New Zealand is keeping its head down as the two elephants of world trade embark on the opening skirmishes of a potential trade war.
China is hugely important to the New Zealand economy. So is the United States, for both trade and security reasons.
The last thing New Zealand wants — along with multiple trading partners of both major powers — is to be manoeuvred into a situation where it is forced to choose.
But Trade Minister David Parker is sure of one thing — that the importance of the Comprehensive Progressive Trans Pacific Partnership (CPTPP) which the Labour-led Coalition Government signed up to earlier this month has now increased, providing an alternative rules-based agreement for countries that want to work together "rather than put up barriers".
Parker now wants to add the upgrade of New Zealand's existing free trade agreement with China to the notches on NZ's trade belt.
"In terms of the negotiations some good progress has been made," he says.
He also affirms if the upgrade goes to plan it will be a modern, "inclusive" agreement with a strong focus on the environment, competition policy, e-commerce and the expansion of the services trade. He notes that over the decade since the original FTA was signed by the previous Labour Government in 2008, "a lot has obviously changed".
Not only has China made significant domestic reforms but it has widened its trade agenda to embrace environmental standards and e-commerce.
Parker says the proposed e-commerce chapter in the upgrade is of particular importance to New Zealand.
"Ecommerce pushes the benefits of trade down to smaller organisations," he says.
"You don't have to be a large multinational with offices in lots of countries to trade when you are doing so through ecommerce."
Fonterra has led a push to have "safeguards" — higher tariffs which kick in once certain volume thresholds are exceeded for NZ dairy exports to China — made a key negotiating outcome.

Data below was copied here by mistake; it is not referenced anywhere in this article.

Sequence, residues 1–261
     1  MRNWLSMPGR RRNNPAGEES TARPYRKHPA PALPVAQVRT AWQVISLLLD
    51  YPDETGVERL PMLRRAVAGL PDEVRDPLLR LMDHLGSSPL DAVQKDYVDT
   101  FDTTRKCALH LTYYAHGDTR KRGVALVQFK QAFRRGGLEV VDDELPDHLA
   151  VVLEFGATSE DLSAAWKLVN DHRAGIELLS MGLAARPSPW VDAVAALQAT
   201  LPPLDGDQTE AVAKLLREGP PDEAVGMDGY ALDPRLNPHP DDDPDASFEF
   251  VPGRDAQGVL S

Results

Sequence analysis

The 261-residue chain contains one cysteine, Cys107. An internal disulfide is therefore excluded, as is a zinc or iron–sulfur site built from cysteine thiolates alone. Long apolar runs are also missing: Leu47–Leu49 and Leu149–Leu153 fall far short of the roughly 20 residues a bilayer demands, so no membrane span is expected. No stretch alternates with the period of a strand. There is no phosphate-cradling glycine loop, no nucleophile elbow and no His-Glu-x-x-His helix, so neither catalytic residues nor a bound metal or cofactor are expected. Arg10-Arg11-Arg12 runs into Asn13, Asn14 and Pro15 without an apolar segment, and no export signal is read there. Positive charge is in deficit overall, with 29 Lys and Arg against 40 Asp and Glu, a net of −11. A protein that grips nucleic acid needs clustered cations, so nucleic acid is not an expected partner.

But NZ dairy exporters face a risk that powerful Chinese ministries might seek to renegotiate provisions in the 2008 agreement, which is currently set to result in all dairy tariffs reduced to zero by 2024.
Parker says the negotiations are not at the point where trade-offs have emerged.
But Todd McClay, who was National's Trade Minister, cautions that China can be expected to push for better access for investment and for labour.
"The revised TPP has doubled the OIO investment threshold from $100m to $200m for China under a most- favoured-nation clause, but this has already been banked," says McClay, now National's foreign affairs and trade spokesman.
"Given the importance of China to the economy you can expect this will be a hot topic for negotiation."
Parker says the focus on non-tariff barriers (NTBs) established by the previous Government will remain a priority.
But he said NTBs are an important focus not just with China but also with other economies, including Europe.
Parker also makes the point that if New Zealand is to increase its export growth to markets (not just China) it needs to grow new points of comparative advantage with the world.
The Government plans a new national interest criteria for foreign direct investment in NZ. "That policy work will commence after we have done the more pressing investment screening issues going around housing and the like," says Parker.
He stresses the criteria will not be directed at any one country, but that New Zealand should have criteria that go beyond the current reliance on issues like character and financial competence.